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Chris Cardell

Interview with John Dennehy (Zartis)

Zartis enables businesses to recruit employees using social media and other tools. I interviewed John Dennehy, Zartis founder to find out more. This interview is the thirty ninth in a series of DW interviews. Big thank you to John for the interview!

How would you describe Zartis in under 80 words?

Zartis helps companies grow by making it easier for them to attract and hire the best talent – including ones who aren’t actively looking.

By pushing your jobs to Facebook, Twitter, LinkedIn and other popular social media, your jobs will be found by the best candidates.

Zartis also helps you manage the application process, making it easy to narrow your search from a pool of top candidates to one great new hire.

What made you decide to found Zartis?

I’ve hired over 140 people in startups over the past decade. I don’t use recruitment agencies. I prefer to think that a direct link between an employer and a job seeker is best.

Social media is making it easier to connect. But it’s time consuming and difficult to manage the recruitment process. So we built Zartis to help.

We also think that thousands of small to medium sized companies want help with recruitment and don’t want to pay out huge fees to agencies. I guess that’s a big motivator for us.

What was technically the most challenging part of developing Zartis?

Integrating with LinkedIn, Twitter, Facebook, WordPress and client web sites poses a whole bunch of challenges. We’ve got a really strong internal development team. They’re up for the challenge.

How long did it take to put together Zartis?

We decided to build the product over lunch on May 8th, 2011. We didn’t have a spec or brand name or anything. We launched with our first client, a Lufthansa subsidiary, on July 25th – ten weeks after the lunch.

Where do you see Zartis in 5 years time?

Our crystal ball has a range of only five months. We need an upgrade.

Do you have any new features in the pipeline?

We’re totally focused on making Zartis a global success. We have a ton of integrations with third party companies we need to get complete. We all subscribe to the Japanese philosophy of kaizen – constant improvement involving everybody. Mashing that up with Eric Reis’ lean methodology is pretty much how most of our new features become features.

Using social media for recruitment, or “social recruiting” is going through a massive growth phase at the moment. We’ll continue to make it easier for our clients to take advantage of it.

Mobile recruiting another growth area we’re focused on and already have some early success stories to tell.

Has Zartis got the feedback and growth you expected since launch?

Hmmm. We’ve had about 1,000 customers signup for the free trial in the past 3 months. The difficulty is converting more of them into paying customers.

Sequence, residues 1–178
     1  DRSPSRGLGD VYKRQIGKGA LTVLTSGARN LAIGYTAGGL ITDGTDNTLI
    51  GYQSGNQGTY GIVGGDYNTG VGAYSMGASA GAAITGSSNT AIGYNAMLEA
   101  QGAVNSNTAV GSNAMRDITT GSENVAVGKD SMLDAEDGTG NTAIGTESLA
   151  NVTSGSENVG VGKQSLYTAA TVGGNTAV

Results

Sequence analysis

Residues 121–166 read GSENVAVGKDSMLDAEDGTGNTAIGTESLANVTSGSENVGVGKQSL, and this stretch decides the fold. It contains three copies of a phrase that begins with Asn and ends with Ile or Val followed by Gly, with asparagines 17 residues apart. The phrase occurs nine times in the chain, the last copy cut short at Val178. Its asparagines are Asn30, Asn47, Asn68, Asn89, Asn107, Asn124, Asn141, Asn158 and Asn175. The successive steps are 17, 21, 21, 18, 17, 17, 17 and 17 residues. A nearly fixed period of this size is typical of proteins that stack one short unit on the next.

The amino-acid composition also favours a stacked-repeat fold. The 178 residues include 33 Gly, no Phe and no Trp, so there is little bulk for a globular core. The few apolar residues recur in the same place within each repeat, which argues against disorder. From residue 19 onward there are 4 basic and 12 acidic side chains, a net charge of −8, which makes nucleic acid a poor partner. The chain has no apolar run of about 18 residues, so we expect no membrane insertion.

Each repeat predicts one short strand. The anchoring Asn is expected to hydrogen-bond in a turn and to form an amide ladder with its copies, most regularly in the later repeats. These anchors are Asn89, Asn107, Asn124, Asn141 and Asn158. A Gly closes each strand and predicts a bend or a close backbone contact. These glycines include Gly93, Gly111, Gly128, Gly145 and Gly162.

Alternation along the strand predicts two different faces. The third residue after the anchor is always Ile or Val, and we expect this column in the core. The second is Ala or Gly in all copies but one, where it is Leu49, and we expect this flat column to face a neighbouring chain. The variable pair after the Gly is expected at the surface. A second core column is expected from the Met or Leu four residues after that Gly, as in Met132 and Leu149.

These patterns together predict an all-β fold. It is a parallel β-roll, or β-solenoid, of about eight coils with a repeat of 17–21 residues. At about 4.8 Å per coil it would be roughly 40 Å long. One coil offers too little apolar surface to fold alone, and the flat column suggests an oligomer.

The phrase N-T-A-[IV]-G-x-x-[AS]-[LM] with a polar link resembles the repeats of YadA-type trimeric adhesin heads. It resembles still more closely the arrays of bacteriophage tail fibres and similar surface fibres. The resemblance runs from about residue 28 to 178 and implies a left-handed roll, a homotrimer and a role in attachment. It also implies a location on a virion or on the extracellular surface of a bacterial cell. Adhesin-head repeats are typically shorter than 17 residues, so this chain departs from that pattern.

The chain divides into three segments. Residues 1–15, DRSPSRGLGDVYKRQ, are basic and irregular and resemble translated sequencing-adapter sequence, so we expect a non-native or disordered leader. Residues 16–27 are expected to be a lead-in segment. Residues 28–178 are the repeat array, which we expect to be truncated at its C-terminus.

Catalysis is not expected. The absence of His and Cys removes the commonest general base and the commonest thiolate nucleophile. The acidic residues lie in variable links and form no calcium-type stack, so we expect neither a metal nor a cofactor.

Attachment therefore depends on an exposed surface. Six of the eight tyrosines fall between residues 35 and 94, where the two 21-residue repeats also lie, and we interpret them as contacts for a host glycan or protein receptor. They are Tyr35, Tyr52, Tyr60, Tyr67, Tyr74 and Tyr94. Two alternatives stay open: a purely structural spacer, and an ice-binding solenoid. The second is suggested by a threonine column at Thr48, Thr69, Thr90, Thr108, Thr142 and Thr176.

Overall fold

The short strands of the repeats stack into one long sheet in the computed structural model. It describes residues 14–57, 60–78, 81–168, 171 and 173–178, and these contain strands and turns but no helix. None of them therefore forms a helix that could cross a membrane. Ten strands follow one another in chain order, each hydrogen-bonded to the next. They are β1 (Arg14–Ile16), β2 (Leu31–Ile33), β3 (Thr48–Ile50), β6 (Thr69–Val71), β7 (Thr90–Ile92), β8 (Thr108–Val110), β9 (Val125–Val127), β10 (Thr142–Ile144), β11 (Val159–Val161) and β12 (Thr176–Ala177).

We spend a lot of time trying to make the onboarding experience better and better. Once people start using Zartis they seem to love it and get value out of it (so they tell us anyway). We just need to get more people using it.

I think if more B2B SaaS companies were honest they’d say the same. Privately most CEOs I’ve spoken to have all said that building the SaaS business is tough and takes time. We all hear the “overnight successes” but most of the really big SaaS success stories have been around a long time and generally have pretty high funding.

You have had a string of successful tech startups in the last ten years. What do you wish you’d have known ten years ago that you know now?

Apparently it was Oscar Wilde that said: “Nothing that is worth knowing can be taught.” Some things you’ve just got to learn the hard way.

Who would you say is your biggest competitor?

Our biggest competitor is inertia: people doing the same dingdong that they’ve always done. There’s always a time lag, that we always underestimate, between when something can and should be done and when it actually starts getting done.

Social media has incredible potential for putting employers in direct contact with employees. It’s dramatically changing the way companies attract and hire employees. But the mass market will be slow to embrace the potential.

Any big clients on your list?

Our first customer was a subsidiary of Lufthansa in Dublin. They’re fantastic to deal with.

All of our cilents are hiring. Which means they’re all growth companies. Some of them will make it very big.

A few really exciting ones to watch are Graze, a food company in London; IdealBinary and We R Interactive, in the digital entertainment sector; Ovation, a Sunday Times Tech 100 company; and GiggleGarage an animation company in Kuala Lumpar.

What is the biggest hurdle you personally have faced or are still facing?

Working in a startup is tough. It’s a constant challenge for everybody to keep focused on the ongoing development of the company rather than getting carried away with the ups or running away from the lows. That’s the biggest challenge (I think) every startup faces.

If you could only give one piece of advice to someone starting up a startup, what would it be?

Launch your product.

What are you most excited about at the moment?

Social media and the transformative effect it’s having. It’s a similar feeling to what was happening in the late nineties but now there’s critical mass of users.

Can you convince the reader to start using Zartis in under 40 words?

Do you want to hire the best people without spending a fortune on recruitment fees? If yes, goto Else, throw away your money.

Finished reading? Check out Zartis!

This entry was posted on Monday, January 30th, 2012 at 8:00 pm GMT. You can follow any responses to this entry through the RSS 2.0 feed. You can leave a response, or trackback from your own site.

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